We need to realise just how fraught the risks of selective ethnicisation are. This is a phenomenon that is flourishing in the public sphere currently. In the context of the victory over Nazism, the Kremlin emphasises the ‘deciding role’ played by the Russian nation, but when talking about the artificial famine of 1932–33, they point to the ‘multinational’ makeup of the Politburo.
Selective ethnicisation is by no means the sole prerogative of Vladimir Putin. To take a Ukrainian example: on the one hand, several Ukrainian media outlets have portrayed Ukrainians serving in the Red Army as the liberators of Auschwitz, but, on the other, the very same media identified the Red Army soldiers involved in the mass rapes perpetrated during the war as Russians.
How to deal with the Soviet past?
Discussing the ‘de-Communisation’ laws presents us all with a truly difficult question: How should we deal with the Soviet past?
In my opinion, we need to come to understand the heterogeneity and inconsistencies of the past – which in no way calls the criminal character of the Soviet regime into question. Here, it’s also important to think about the problem of contemporary ignorance and incomprehension.
Currently, the question of renaming Dnipropetrovsk (after Grigory Petrovsky, a leading Bolshevik and the head of the Soviet Ukrainian government during the 1930s) is being hotly debated. Much less is being said about Dnipropetrovsk residents’ almost complete ignorance of who Petrovsky was. Is it important to know about Petrovsky in order to condemn Communist crimes? How important is it to know that, by contrast, it was the Soviet authorities who erected a monument to the Ukrainian poet Ivan Franko in L’viv and popularised his works, while, on the other hand, censoring Franko and adapting him to the demands of ‘constructing Communism’?
The interconnection of (not) knowing and condemning, the means and methods of disseminating knowledge, the phenomenon of aestheticising political evil and the ‘forbidden fruit’ – this is far from an exhaustive list of subjects, which are practically absent from the current discussion in Ukraine.
Meanwhile, in the international discussion, there is much being written about whether ‘history’, ‘memory’ and ‘identity’ are the main causes of Maidan, the annexation of Crimea and the war in Donbas. Identity and history are brought up much more frequently than the desire for political freedoms, corruption, economic problems, group pressure, the behavior of local elites, or the makeup of subversive groups.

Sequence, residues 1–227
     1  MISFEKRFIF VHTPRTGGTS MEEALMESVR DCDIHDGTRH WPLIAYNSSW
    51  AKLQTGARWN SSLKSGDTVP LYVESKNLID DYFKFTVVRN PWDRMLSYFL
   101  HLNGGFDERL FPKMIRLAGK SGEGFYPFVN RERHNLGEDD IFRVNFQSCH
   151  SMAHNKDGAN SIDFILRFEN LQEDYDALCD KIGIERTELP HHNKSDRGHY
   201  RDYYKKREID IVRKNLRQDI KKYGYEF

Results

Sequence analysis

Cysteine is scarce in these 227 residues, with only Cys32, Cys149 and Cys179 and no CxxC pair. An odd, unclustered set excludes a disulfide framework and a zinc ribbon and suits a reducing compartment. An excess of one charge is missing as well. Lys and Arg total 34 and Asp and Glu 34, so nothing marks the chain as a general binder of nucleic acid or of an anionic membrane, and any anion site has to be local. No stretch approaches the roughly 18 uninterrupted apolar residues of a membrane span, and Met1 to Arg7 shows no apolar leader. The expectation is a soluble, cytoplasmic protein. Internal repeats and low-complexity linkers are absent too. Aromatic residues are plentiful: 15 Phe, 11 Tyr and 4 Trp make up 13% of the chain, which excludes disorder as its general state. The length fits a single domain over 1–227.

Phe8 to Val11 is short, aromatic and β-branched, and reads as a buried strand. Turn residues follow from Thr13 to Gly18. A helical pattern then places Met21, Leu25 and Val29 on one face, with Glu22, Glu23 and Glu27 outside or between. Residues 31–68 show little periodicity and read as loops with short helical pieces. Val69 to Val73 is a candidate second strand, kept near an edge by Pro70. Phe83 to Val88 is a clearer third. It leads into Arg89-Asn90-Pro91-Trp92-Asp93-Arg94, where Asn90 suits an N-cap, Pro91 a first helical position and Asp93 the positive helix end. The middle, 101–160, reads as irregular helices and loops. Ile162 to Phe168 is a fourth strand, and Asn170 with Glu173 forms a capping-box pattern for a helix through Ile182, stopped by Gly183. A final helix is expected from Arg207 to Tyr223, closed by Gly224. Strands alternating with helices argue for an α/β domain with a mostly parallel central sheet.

Are we capable of thinking about Ukraine beyond identity, historical memory and the clash of civilisations? Maidan, among other things, became a way for society as a whole to reject constructed divisions, previously presented to us as insurmountable and primordial. In this sense, Maidan emphasised something far from sensational: in contemporary Ukraine, the language used for everyday communication does not automatically equal ethnic identification and political loyalty.
Nevertheless, instead of looking for appropriate and dynamic methods for analysing the realities of Maidan and the post-Maidan era, a significant number of analysts remained loyal to the familiar, stereotypical paradigms of ‘two Ukraines’ and ‘ethnic zones’.
The annexation of Crimea and the war in Donbas are still more frequently described using the categories of identity and historical rights rather than through a careful analysis of the behaviour of key actors (above all, local elites and the Russian intervention).
The persistence of the ideologically coloured language of identity can be felt acutely in the Ukrainian, Russian, English, Polish and German language discussions of Maidan and its consequences. The social, economic, generational, educational and gender-related aspects of Ukrainian society are frequently neglected, and Russian interference is explained through the ‘provocative’,‘imprudent’, or simply ‘nationalist’ policies of Kyiv, in keeping with the logic of ‘blame the victim’.
At the same time, the Ukrainian public sphere (not without the participation of renowned writers and journalists) continues to revive the discriminatory notions of a ‘hopelessly Sovietised’ Donbas.
Ukraine needs a new analytical language to describe itself and to be described. The existing schemes are too narrow for such a complex society. In our search for this new language, we should remember an important point by Rory Finnin: ‘heterogeneity and contestation are not necessarily a sign of weakness, nor are homogeneity and consensus always a sign of strength.’
Finally, we also need to analyse ‘identity-talk’ by various social actors rather than positing ‘identity’ as the main reason for social action. Proper contextualisation, as well as cross-regional and transnational perspectives, could bring important insights.
Editor’s note: The first version of this piece was originally published by Krytyka.